Banned Books Week is an annual event celebrating the freedom to read. Typically held during the last week of September, it highlights the value of free and open access to information. Banned Books Week brings together the entire book community — librarians, booksellers, publishers, journalists, teachers, and readers of all types — in shared support of the freedom to seek and to express ideas, even those some consider unorthodox or unpopular.
By focusing on efforts across the country to remove or restrict access to books, Banned Books Week draws national attention to the harms of censorship. The ALA Office for Intellectual Freedom (OIF) compiles lists of challenged books as reported in the media and submitted by librarians and teachers across the country.
A challenge is an attempt to remove or restrict materials, based upon the objections of a person or group. A banning is the removal of those materials. Challenges do not simply involve a person expressing a point of view; rather, they are an attempt to remove material from the curriculum or library, thereby restricting the access of others. As such, they are a threat to freedom of speech and choice.
The books featured during Banned Books Week have all been targeted with removal or restrictions in libraries and schools. While books have been and continue to be banned, part of the Banned Books Week celebration is the fact that, in a majority of cases, the books have remained available. This happens only thanks to the efforts of librarians, teachers, students, and community members who stand up and speak out for the freedom to read.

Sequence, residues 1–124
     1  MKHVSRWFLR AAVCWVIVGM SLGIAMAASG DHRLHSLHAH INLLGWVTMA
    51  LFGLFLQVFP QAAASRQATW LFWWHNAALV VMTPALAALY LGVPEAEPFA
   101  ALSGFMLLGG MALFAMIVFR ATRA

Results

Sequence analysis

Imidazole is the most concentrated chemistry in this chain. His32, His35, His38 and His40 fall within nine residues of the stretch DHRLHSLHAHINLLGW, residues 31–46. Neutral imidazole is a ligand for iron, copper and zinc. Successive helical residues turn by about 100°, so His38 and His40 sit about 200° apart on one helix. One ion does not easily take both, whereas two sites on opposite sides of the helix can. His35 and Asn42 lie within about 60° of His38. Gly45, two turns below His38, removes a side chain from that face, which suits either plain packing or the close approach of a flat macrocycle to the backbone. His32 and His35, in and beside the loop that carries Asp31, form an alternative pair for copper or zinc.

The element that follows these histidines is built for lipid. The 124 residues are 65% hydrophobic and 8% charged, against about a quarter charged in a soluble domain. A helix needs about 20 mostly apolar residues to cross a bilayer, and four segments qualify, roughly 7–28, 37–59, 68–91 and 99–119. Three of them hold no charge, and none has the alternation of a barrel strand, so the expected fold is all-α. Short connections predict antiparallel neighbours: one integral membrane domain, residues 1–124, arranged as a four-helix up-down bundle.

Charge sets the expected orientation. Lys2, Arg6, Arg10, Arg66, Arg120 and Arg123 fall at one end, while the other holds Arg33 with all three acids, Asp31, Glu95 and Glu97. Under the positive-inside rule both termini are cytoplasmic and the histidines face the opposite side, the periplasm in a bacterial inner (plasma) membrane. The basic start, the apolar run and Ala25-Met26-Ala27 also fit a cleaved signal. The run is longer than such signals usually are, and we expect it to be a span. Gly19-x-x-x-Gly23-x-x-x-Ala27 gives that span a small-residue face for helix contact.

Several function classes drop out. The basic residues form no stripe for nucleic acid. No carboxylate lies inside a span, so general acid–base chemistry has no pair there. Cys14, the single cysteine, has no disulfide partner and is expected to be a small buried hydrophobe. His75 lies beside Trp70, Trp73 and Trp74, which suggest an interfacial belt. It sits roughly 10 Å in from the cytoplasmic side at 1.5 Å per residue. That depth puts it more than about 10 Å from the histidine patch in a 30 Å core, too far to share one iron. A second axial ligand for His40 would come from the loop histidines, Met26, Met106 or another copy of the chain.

Click on the links below to learn more about these frequently banned and challenged books at Amazon.
Top 10 Banned Books of 2015
Looking for Alaska by John Green.
Reasons: offensive language, sexually explicit, and unsuited for age group
Fifty Shades of Grey by E L James
Reasons: sexually explicit, unsuited to age group, and other (“poorly written,” “concerns that a group of teenagers will want to try it”)
I Am Jazz by Jazz Jennings
Reasons: inaccurate, homosexuality, sex education, religious viewpoint, and unsuited for age group
Beyond Magenta: Transgender Teens Speak Out by Susan Kuklin
Reasons: anti-family, offensive language, homosexuality, sex education, political viewpoint, religious viewpoint, unsuited for age group, and other (“wants to remove from collection to ward off complaints”)
The Curious Incident of the Dog in the Night-Time by Mark Haddon
Reasons: offensive language, religious viewpoint, unsuited for age group, and other (“profanity and atheism”)
Reasons: religious viewpoint
Fun Home by Alison Bechdel
Reasons: violence and other (“graphic images”)
Habibi by Craig Thompson
Reasons: nudity, sexually explicit, and unsuited for age group
Nasreen’s Secret School: A True Story from Afghanistan by Jeanette Winter
Reasons: religious viewpoint, unsuited to age group, and violence
Two Boys Kissing by David Levithan
Reasons: homosexuality and other (“condones public displays of affection”)